Thursday, June 10

Say It Isn't So

My baby will be starting school in the fall. Today I sent off the check to hold her place in the local Montessori school. I've posted before about our interest in Montessori, and my love for the method has only grown since I first stumbled across it.

This spring I taught a Junior Achievement class to the fourth graders at this school. I was in awe of the dreams and ambitions, passion for learning and exceptional communication skills of this group of kids. Now maybe I just don't spend enough time with this age group, but they were truly fascinating to watch and interact with.

One moment that particularly stands out to me was when I had divided the room into two groups to complete a worksheet. One group was social and quickly finished their work by working together. The other seemed to take more of a fend-for-yourself method to doing the work. I noticed one girl was struggling and looked very frustrated that her group members weren't helping her understand how to do the assignment, and just as I stood to see if I could help, a boy from the other team came over and asked if she needed help. He proceeded to walk her through the steps and explain how his group came to the conclusion that they did. I felt teary.

Near the end of my class, I toured the school with the director, and as I suspected it's fabulous. Four rooms make up the school: 2- to 3-year-olds, 3- to 6-year-olds, first through third grade and fourth through sixth. Each classroom has learning stations appropriate for the age group present. All of the common subjects are displayed in an artful, interactive way.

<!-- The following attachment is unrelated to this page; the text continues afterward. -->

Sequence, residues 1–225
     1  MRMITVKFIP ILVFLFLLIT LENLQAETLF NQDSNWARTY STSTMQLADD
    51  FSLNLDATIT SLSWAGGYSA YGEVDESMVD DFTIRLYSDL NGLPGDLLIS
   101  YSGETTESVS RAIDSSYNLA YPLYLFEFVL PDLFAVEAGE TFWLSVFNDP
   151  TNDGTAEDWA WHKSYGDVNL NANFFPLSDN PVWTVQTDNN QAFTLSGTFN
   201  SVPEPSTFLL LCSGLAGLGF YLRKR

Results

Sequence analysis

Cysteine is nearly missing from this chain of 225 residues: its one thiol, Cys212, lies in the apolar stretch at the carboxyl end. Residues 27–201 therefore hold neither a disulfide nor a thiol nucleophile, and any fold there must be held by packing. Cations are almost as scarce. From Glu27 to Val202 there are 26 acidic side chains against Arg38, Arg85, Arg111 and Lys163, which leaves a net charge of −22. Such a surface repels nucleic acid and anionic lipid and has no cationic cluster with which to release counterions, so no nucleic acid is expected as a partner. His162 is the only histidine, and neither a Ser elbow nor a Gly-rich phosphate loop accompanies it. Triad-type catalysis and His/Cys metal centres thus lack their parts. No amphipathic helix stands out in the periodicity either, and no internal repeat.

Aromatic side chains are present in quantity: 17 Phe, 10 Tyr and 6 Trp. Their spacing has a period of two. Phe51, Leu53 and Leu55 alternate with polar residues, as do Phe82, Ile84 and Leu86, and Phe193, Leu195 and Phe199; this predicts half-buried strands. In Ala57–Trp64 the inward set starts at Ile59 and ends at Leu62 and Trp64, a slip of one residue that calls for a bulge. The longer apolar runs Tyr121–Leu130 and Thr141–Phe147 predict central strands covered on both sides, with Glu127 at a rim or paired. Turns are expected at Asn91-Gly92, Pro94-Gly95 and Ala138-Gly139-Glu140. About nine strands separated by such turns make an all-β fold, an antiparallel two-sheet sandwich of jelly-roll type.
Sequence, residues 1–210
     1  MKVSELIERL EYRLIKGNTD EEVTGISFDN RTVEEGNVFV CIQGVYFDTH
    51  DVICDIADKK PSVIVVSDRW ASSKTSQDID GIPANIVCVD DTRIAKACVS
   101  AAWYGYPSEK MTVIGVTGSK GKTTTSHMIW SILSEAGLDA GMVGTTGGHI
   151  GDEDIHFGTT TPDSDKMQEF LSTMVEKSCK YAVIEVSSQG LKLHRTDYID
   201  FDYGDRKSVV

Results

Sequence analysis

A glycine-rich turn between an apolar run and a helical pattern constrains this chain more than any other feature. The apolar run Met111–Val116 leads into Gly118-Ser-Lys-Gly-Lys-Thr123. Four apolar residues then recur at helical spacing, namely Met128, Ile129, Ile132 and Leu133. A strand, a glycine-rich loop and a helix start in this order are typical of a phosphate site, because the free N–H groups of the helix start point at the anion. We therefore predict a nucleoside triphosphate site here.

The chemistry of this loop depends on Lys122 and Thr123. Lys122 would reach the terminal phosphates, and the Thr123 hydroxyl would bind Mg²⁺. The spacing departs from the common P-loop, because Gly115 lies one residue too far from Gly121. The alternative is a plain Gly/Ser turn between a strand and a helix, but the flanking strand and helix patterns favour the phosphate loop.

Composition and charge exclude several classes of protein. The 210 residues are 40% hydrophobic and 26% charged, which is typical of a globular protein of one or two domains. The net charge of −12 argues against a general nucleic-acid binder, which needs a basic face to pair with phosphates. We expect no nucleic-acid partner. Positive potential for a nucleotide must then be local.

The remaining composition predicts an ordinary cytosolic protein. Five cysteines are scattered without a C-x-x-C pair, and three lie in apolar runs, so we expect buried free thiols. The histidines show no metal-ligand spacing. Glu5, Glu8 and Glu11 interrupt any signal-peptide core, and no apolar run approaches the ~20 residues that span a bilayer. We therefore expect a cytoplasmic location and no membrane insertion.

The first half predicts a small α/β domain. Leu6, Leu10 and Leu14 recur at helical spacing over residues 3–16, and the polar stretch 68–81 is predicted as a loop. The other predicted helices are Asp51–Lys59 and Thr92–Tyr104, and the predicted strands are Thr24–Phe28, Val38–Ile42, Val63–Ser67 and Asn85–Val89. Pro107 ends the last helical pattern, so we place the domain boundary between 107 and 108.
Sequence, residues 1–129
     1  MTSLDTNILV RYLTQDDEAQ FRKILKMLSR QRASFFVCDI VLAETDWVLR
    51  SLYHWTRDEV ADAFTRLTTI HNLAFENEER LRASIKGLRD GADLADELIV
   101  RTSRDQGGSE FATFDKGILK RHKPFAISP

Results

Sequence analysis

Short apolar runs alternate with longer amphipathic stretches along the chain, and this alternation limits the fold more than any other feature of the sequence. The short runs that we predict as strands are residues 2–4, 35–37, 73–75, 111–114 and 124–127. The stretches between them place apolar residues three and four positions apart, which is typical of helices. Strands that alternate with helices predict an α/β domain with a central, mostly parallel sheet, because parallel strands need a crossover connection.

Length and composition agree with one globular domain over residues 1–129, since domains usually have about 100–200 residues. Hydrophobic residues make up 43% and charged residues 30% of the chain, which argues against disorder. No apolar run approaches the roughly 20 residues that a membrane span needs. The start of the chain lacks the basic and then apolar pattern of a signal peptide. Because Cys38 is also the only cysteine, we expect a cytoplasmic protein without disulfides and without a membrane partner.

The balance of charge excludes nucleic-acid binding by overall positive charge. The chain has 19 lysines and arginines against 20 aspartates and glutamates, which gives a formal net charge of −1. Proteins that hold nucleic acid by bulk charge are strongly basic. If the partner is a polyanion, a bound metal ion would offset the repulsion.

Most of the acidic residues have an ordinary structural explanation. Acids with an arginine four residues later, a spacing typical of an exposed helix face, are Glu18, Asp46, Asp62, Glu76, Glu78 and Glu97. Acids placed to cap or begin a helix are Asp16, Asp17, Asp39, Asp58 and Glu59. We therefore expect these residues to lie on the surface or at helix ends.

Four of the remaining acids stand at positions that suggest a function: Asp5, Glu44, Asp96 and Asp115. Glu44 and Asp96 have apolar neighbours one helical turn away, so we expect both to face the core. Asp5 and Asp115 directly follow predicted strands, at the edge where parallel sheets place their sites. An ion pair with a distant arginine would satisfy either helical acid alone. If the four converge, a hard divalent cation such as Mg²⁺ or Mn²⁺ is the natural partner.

In the morning the children come together as a group for an activity such as singing or dancing. Then they are released to go to the learning station of their choosing, and can move about freely throughout the day. They can work independently or interact with the other children.

The teacher primarily is an observer, but is present for questions and anything the children may need. As she learns each child's learning style, she will make note of areas they need improvement on and create opportunities for them to hone their own skills.

We had initially decided to hold off another year since N is only two, but ultimately decided that we thought this was not only as, if not more, cost effective than day care, but it was also best for her restless mind. She will glean so much more from this environment than she does at her current day care.

She has to be two before she can enroll, so she won't start right at the beginning of the school year, but since her birthday is just a few short weeks after school begins they were willing to hold her spot. Gah, I thought I had a couple more years before this day came!

Oh and for those of you who don't read my other blog, check out N's new Montessori room.

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